Girlfriend Puzzle

I built a small electronic puzzle for my girlfriend

Published on . Takes about 7 minutes to read.

Knowing that my girlfriend likes brainy games and it being a while since I last built something, I decided to make her a custom puzzle: a 7x7cm mystery box that, when solved, reveals a secret message.

Completed puzzle

Design

The project is a cardboard box that is sealed from the top with semi-transparent paper: light can get out of it, but it is not possible to see inside. The box is plain and there is no visible way to operate it.

The multi-layer puzzle was designed as such:

  • Realize that tilting the box activates the LEDs (which will shine through the semi-transparent top)
  • Figure out that the blinking LEDs have a structure and pattern - red and green flashes are grouped into 8 bit segments, separated by blue flashes
  • Discover that it’s a binary-encoded message (red = 0; green = 1) and decode it into ASCII decimals: letters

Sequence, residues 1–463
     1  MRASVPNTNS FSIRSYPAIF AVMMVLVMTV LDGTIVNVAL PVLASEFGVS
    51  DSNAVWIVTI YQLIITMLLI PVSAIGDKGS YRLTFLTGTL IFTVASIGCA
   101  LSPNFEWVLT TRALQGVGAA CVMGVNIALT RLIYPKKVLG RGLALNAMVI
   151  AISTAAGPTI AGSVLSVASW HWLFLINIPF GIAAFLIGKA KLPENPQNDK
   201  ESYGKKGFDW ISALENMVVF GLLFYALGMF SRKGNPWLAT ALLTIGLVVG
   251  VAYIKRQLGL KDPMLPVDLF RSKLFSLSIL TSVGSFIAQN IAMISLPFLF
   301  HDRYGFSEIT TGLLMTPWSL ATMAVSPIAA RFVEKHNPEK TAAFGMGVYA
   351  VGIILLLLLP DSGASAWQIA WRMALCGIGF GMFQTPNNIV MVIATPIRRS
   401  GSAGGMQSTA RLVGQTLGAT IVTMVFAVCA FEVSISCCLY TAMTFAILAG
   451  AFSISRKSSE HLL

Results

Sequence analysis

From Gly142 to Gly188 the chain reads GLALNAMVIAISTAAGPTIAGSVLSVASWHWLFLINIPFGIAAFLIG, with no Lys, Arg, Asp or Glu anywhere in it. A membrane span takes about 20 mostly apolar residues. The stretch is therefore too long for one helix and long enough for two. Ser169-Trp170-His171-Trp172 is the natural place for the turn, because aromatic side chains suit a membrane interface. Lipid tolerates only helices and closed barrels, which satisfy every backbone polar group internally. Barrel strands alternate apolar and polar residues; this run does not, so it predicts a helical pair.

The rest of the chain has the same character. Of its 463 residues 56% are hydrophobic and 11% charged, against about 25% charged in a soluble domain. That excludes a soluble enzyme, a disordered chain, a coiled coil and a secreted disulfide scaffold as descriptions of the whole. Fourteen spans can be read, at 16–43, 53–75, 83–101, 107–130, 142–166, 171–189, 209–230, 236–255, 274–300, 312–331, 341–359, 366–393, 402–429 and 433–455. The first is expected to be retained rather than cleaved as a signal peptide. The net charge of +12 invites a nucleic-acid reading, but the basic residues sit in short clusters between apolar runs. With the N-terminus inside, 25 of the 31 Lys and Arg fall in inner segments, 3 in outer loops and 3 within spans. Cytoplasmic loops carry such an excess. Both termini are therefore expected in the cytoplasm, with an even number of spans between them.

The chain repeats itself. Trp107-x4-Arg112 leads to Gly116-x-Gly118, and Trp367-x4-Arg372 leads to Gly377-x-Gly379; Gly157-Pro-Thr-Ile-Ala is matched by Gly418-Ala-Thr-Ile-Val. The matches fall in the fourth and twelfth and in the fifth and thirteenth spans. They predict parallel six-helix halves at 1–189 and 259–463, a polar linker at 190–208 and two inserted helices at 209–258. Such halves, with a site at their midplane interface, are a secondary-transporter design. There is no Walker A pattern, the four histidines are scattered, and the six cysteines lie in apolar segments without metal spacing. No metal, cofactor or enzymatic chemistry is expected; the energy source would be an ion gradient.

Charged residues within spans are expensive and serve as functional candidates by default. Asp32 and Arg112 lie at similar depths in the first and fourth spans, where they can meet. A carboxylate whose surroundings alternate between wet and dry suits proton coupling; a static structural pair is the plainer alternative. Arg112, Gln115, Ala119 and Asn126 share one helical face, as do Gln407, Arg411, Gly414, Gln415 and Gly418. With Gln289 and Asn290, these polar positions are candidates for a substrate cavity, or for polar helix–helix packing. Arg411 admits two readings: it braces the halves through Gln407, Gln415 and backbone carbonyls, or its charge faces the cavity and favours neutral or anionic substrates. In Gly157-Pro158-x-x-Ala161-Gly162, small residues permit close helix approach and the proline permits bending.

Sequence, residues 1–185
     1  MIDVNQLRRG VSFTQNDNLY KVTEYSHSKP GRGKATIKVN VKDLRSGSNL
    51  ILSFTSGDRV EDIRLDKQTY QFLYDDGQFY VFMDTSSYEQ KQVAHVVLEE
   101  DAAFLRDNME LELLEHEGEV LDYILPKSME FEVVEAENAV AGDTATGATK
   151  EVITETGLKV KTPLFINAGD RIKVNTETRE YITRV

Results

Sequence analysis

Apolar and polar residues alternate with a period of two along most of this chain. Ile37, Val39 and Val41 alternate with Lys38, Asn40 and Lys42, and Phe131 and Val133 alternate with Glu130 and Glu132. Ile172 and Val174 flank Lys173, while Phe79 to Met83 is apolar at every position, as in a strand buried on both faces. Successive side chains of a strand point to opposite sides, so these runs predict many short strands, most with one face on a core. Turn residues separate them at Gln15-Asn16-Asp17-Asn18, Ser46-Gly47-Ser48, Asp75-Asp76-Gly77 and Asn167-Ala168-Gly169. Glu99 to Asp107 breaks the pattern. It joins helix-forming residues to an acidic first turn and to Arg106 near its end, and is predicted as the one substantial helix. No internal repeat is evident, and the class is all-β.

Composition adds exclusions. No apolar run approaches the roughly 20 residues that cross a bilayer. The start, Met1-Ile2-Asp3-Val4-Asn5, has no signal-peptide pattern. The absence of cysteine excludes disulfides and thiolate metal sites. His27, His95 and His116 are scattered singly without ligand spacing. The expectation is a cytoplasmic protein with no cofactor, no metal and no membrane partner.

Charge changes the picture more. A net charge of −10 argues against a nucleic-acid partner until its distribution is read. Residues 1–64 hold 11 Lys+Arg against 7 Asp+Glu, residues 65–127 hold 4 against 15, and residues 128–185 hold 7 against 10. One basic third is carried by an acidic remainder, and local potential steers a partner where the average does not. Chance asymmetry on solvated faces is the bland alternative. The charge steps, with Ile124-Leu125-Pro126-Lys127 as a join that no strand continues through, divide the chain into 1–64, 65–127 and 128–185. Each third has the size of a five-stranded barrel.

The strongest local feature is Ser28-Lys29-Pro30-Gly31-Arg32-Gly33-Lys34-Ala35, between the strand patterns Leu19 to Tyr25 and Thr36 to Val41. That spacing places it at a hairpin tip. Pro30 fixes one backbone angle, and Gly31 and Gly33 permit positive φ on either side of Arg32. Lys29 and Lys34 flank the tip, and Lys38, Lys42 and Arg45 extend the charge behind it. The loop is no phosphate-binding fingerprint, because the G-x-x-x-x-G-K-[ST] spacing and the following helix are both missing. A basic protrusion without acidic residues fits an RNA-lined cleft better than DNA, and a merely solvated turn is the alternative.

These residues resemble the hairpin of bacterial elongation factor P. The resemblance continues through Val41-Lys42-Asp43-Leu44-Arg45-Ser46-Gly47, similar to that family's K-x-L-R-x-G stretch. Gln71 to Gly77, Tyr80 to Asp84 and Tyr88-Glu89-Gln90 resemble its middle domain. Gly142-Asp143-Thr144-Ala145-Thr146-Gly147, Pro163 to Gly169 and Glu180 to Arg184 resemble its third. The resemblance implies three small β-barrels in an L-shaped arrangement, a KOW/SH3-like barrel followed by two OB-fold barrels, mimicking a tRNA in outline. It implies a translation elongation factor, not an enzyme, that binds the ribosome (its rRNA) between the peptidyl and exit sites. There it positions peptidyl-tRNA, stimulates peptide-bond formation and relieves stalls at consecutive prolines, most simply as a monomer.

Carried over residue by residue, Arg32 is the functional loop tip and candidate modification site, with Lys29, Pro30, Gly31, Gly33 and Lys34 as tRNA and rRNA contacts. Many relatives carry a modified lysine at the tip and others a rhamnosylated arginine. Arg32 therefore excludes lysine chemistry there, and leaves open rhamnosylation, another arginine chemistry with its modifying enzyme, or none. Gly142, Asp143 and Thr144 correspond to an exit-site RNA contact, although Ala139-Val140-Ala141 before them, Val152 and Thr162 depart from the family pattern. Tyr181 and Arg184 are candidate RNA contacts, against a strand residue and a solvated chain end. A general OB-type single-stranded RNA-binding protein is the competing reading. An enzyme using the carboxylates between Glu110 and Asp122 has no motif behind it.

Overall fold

• Translate the sentence from Pig Latin to English

When decoded, the binary message translates into ASCII character codes 73 87 65 89 79 86 69 76 65 89 79 85 89 65 89 which translates into IWAY OVELAY OUYAY which translates into I LOVE YOU.

Build

Bill of materials:

  • 3V coin cell battery holder
  • CR2032 3V battery
  • Bare PCB and 4 PCB stands / spacers for mounting it
  • 3 LEDS: green, red, blue
  • 3x 100Ω resistors
  • ATtiny85 IC
  • Tilt-switch (metal ball, not mercury)
  • IC socket (8-leg)

The build was straightforward and took only a couple of hours. First, I arranged all the components on a breadboard and connected the SparkFun Pocket AVR Programmer to the IC, which enabled me to write and test code for it.

Project on Breadboard Project on Breadboard

With the code complete and the project working on the breadboard, I transferred everything to a PCB, programmed the chip one final time and connected it to the independent, battery-powered unit.

Project on Breadboard Project on Breadboard Project on Breadboard

I mounted the PCB into the box with glue and covered it all with semi-transparent paper: the box was complete.

PCB in the box PCB in the box PCB in the box

Reception

She was exited and puzzled by the box and with some pointed clues, did manage to crack it up to Pig Latin, at which point frustration set in. Looking back, I realize that the design of the puzzle was too complex and unfair: I’m a developer; binary, ASCII and Pig Latin are obvious for me; however it is unfair to expect the same from others.

Decoding the puzzle

All in all, it was a fun project to make, but not super fair to solve.

Project schematics and code are available from GitHub.

Completed puzzle